The setting sun completed its dip below the horizon and the base became dark. While the electricity had been left on, the streetlights outside the housing areas had been great targets for the overjoyed CLF and PDRA soldiers. No one was more surprised than the Atlanticans with their capture of Logue AFB.
Ybarovich had been the final piece of the puzzle that made it all possible. His knowledge of the base layout and details had shown the invaders not only every weak spot in the defenses but also where the key facilities were. Beyond that, it was world politics that leveled the stage for the Cortinians.
The American armed forces were spread so thin that there was not enough manpower to fill the units sent to the island of Aragon, much less to adequately buttress the crumbling democracy’s own forces. Months before the PDRA propagandists had been whipping up anti-American sentiment drawing on the negativity the media in the US had been selling for years. Afghanistan, Iraq, starving North Koreans, even scenes of stability in Venezuela and Cuba even despite Fidel Castro’s un-surprising death, all became fodder for the third-world rated media on the island.
Yellow journalism[ Jonathan Byrd, 9/3/18, 09:19
The section about media, I found a little confusing. I wonder what your main point was. You show that media is used to control people and that controling the media is vital to controlling the populace.
You show the world media being taken over by US outlets. I’m not sure if your suggesting that is a good or a bad thing. It’s also quite long. Cut it down to the main idea.
You also let us know about WMDs hidden on the island and give a reason for the conflict. This works much better and seams logical.
I think you’ve lost a little of the personal touch that you had in earlier chapters. It felt a bit more distant and less conected to the individuals involved.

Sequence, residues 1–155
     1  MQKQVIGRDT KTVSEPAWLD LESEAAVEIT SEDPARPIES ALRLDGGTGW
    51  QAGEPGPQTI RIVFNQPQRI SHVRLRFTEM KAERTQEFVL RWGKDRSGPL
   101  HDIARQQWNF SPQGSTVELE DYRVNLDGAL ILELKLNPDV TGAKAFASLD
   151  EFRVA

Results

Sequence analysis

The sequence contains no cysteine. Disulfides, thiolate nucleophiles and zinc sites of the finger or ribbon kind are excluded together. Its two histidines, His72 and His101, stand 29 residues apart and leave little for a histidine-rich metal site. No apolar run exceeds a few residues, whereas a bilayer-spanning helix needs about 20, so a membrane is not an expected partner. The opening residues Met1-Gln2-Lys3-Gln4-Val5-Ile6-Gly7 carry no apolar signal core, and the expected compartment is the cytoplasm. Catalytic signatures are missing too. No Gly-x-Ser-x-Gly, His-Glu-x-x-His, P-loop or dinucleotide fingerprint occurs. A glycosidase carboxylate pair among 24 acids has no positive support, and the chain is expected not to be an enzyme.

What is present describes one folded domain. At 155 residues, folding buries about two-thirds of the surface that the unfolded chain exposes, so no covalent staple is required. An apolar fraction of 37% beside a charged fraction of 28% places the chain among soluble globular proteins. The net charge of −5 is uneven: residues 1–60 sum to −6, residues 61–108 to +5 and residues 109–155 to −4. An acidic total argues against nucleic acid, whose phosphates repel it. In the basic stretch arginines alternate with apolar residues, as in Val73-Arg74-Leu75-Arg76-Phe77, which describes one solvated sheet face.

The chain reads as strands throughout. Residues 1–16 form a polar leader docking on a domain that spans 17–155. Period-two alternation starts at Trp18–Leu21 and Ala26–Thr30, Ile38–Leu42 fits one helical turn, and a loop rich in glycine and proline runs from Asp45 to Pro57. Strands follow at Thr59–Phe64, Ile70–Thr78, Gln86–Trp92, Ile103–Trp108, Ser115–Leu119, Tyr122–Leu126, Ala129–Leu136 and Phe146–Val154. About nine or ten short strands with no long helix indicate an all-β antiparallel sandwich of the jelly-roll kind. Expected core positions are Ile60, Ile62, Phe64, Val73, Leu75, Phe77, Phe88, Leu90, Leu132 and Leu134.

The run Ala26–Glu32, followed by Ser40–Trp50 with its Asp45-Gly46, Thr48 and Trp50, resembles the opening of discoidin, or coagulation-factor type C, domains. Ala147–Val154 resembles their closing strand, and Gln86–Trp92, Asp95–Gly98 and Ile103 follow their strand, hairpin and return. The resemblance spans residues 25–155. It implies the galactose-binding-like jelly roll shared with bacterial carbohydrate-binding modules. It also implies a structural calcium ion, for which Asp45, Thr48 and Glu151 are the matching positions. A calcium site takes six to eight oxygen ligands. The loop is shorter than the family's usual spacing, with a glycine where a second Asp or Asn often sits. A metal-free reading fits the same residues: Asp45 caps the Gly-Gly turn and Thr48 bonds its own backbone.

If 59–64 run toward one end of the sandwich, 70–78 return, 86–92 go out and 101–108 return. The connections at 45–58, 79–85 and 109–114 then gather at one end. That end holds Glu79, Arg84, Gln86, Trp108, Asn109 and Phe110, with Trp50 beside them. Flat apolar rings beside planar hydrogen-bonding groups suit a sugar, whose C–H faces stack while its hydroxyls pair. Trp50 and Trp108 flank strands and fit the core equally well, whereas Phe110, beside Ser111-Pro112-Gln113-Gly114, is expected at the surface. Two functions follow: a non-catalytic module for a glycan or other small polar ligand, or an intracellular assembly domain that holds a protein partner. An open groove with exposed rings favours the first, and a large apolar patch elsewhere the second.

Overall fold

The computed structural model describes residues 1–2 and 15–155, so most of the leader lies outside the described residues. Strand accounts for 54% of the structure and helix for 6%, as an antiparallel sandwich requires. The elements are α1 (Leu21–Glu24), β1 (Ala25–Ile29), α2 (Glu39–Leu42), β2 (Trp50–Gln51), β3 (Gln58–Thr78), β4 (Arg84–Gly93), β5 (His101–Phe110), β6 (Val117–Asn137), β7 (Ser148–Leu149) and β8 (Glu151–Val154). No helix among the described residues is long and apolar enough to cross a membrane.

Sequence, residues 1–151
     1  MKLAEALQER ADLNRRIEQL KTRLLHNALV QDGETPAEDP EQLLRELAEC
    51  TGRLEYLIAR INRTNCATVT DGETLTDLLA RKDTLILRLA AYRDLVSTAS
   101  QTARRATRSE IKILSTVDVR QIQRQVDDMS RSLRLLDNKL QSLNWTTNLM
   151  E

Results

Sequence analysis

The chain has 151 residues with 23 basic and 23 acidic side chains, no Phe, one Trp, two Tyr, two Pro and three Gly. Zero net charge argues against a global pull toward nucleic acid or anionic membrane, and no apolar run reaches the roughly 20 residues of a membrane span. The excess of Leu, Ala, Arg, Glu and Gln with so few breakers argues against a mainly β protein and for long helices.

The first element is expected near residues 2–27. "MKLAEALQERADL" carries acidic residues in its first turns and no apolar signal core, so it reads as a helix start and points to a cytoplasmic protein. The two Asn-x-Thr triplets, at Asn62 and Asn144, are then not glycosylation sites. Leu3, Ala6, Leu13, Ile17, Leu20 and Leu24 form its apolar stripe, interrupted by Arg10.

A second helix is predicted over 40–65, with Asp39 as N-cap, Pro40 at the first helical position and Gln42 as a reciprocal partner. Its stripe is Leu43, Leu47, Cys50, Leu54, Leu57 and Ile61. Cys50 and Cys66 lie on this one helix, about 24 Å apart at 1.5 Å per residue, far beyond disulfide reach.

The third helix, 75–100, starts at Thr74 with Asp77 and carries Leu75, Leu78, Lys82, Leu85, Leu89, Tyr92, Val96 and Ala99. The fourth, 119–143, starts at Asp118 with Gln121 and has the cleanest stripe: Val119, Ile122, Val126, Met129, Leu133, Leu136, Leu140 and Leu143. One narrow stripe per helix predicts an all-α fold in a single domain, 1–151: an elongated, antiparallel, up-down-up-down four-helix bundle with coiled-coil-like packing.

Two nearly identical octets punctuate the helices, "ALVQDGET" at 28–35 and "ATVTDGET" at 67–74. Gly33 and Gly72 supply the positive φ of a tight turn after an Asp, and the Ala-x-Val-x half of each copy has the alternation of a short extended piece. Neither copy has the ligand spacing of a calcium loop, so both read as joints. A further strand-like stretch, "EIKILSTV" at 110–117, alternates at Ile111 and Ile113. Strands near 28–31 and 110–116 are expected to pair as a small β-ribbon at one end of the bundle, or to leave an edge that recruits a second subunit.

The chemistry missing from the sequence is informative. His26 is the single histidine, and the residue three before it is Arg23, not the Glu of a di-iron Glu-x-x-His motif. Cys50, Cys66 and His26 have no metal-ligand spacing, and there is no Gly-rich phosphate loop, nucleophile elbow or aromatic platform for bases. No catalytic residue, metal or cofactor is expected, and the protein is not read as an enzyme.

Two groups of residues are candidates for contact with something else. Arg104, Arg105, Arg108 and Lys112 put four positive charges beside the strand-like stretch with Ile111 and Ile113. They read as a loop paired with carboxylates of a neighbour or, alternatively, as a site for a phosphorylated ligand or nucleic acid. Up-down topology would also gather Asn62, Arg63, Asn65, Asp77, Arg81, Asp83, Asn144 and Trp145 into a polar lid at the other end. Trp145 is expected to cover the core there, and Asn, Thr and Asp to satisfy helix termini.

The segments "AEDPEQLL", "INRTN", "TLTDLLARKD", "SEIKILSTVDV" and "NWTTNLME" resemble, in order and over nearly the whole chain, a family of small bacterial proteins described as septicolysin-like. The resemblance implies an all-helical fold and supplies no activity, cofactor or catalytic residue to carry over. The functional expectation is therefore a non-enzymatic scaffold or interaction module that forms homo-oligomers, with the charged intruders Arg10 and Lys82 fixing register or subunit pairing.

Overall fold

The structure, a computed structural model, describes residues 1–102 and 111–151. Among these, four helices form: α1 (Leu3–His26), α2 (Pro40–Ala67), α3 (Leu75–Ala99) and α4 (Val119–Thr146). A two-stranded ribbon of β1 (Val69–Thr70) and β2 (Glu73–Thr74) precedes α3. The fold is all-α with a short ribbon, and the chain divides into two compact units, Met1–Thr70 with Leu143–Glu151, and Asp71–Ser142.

You’ve definately moved the story on, and made the themes clearer
David] ceased to exist when all the journalist disappeared. A newer brand of news information had taken its place. There were still staff writers at the major American news sources, they just no longer had to hide the fact that the articles they wrote were stories that told the news from their perspective and political slant rather than the unbiased position true journalists preferred. From there it was not a huge jump for the mainstream media to not only stake its claims on the local news in underdeveloped areas, but to begin subsidizing or outright providing their brand of service and truth to the local organizations. Since they were only just better than clanging two coconut shells together, or a string between two cans, the addition of technology, albeit older technology, was a godsend.
It was a new trend duplicating itself in many hotspots and less developed countries around the globe. For literally decades military leaders had their own support staff that tempered or outright colored the information that came from their actions. Local or tribal warlords and generals now created whole public affair departments, a politically correct term for a propaganda wing. After a few demonstrations of force at home, they began to shop the major news outlets for support. CNN was first to adopt to the change and support them, followed quickly by the New York Times. Members of the staff wrote pieces on how the oppressive regime of the country was controlling all aspects of life. The short-lived memory of the public made it easy to write the same story repeatedly merely changing the names of the players and the country. Each piece romanticized the lure of freedom fighters. Suddenly the cause would receive the support of the general population.
Next came the funding. The new media wings sought out individuals to “support freedom” by sponsoring the tribal lords. As Congress continued to raise taxes, it also opened up new tax loopholes. When they passed the Kerry-Pelosi Act, contributions to causes that fought tyranny and terrorism became tax exempt. Most mainstream media groups then began to staff full divisions, not just for creating the pieces but staff for procuring contributions in accordance with the K-P Act. The artificial wave of patriotism flowed through the population reaching the celebrities and through them the mindless masses that hung on their every word and action. Supporter’s wallets opened up, accounting books on both sides of the transaction were cooked, and the hunger of the mighty media was fed while the general public ate it up. Randolph Hearst would have been proud.
The majority of third world countries served by this new and improved 21st century brand of journalism were unable to access the internet, so almost overnight the newspapers became relevant again for more then just their online content. For all its inherent flaws, it was truly good for the economy to create so many jobs as well as to revive an industry.